In this novel the reader follows the students they met in book one as they advance into their second year of university and, as there are two more novels to come we can be sure that we will be seeing them again as the reader follows them through to the end of their studies.   Also the Author has included several sub plots that provide enough twists and turns to keep the reader on their toes, and also give us an insight into the fact that academia may not be the peaceful vocation some imagine it to be.  This serves to make the book more readable, as opposed to the dissertation style writing that was encountered in the first novel.

As in the first book, the Author has continued telling the events taking place through the use of biographies and transcripts of interviews that the main female lead conducts with numerous college students this provides a good continuation from the first novel and makes the reader feel at ease and familiar with the characters, although to add a nice twist and some extra depth to these characters there are a few revelations that appear regarding them.  Again there is not any really deep character developments, but  the foundations of the back story and interesting character traits for the female lead, that were laid in book one are continued in this installment of the series.

I actually enjoyed this book a lot more than I did the first in the series, and was pleased to see that the Author’s writing style had developed considerably; I would recommend this book to lovers of the mystery genre, and those looking for a good but thoughtfully written read.


Review: Halls of Ivy (Halls of Ivy, #1) ~ Roland Nuñez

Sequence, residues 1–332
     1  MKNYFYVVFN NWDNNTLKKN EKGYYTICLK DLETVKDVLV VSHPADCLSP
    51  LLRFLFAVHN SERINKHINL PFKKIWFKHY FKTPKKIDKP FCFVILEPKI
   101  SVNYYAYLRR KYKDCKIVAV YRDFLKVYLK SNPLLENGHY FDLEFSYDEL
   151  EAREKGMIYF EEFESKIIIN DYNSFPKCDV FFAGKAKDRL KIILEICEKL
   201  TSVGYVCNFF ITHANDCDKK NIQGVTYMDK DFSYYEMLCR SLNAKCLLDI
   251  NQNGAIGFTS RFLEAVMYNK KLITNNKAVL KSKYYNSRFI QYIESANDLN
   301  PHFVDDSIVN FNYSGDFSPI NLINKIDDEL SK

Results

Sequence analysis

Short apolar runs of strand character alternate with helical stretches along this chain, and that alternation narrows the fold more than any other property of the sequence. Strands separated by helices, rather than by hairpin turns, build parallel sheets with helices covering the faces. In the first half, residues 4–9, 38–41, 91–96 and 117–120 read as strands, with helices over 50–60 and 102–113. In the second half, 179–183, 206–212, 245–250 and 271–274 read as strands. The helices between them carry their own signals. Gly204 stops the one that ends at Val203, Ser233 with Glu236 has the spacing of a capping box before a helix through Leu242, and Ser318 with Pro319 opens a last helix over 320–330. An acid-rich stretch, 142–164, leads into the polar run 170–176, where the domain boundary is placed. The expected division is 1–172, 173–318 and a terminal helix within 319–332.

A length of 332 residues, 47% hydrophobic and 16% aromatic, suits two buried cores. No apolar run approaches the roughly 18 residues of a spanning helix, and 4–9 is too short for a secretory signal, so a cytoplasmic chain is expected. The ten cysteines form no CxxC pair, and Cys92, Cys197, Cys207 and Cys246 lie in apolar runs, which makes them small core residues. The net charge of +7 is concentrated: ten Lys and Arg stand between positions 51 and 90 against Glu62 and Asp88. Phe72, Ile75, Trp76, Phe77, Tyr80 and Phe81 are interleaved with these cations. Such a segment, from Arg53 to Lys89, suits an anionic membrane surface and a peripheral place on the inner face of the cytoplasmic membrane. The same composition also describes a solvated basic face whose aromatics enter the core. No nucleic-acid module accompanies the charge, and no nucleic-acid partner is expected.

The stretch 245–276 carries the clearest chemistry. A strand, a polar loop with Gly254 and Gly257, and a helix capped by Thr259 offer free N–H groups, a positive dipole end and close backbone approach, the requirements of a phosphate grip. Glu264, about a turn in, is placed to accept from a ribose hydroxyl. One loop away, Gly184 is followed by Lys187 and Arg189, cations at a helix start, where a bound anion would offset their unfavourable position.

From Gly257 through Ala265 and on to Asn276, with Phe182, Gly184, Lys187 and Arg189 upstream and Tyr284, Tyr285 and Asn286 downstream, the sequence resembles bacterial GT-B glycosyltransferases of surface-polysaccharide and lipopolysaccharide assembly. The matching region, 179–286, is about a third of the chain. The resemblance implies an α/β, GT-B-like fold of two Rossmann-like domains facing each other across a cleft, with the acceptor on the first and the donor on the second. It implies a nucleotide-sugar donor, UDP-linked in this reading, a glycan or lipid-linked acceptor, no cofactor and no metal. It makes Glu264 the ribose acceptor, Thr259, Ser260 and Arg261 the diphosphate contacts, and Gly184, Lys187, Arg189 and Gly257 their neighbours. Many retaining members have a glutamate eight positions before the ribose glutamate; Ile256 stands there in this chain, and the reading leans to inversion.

HallsIt began with the suicides. They’re calling it the crisis of Sun Valley University, and all the blame lies on one doctoral student.

Cheyenne Winters went too far. She was only there to conduct research for her dissertation, but three student suicides that occurred shortly before she arrived piqued her interest. Her interviews with twenty-one freshmen revealed that the suicides were not only related, but the university administration had been covering them up.

Now Cheyenne is involved in a major conspiracy threatening her own future and the lives of the students she came to study.

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This book is the first in a series, Halls of Ivy, and centres around campus life.

I’ve never read a fiction book written quite like this one.  Opening with a prologue the Author compels the reader to continue reading to discover how we came to this point, and in that respect it is well written and, at the same time, very deceptive as it promises more than it actually delivers.

It is composed of, what can only be described as biographies and transcripts of interviews the main female lead conducts with numerous college students; a third person narrative from the lead character and various students, all combining to make it seem more like reading a dissertation with a plot woven in, rather than an actual novel.  Because of the way it is written, it did not have any deep character development, although the Author took steps to start placing the foundations of a back story and interesting character traits for the female lead, in preparation for future books in this series that she might appear in.  One flaw the reader soon discovers about the lead is their way of narrating events, she does it in a very disconnected, concise and clinical way, almost as if she is continually giving evidence throughout this books pages.  As to the rest of the characters, there are lots of them as can be expected in a campus life book, they all have generally small parts in the telling of the story and this leads to the reader not being able to really connect with any of them although, as in real life, there are some we like and some we just can’t warm to.

Location descriptions for Florida are very good, even down to the general complaint about the weather, but apart from that there was nothing in this book that really made it stand out in my mind and made me feel as if I were there observing the storyline unfold.

The idea behind this novel is very good, and taking place as it does on campus, it provides the Author with plenty of material for upcoming books in this series.  This is a great little mystery book and fits very comfortably in that genre, so I am recommending it to those who are lovers of a good mystery and like to figure things out.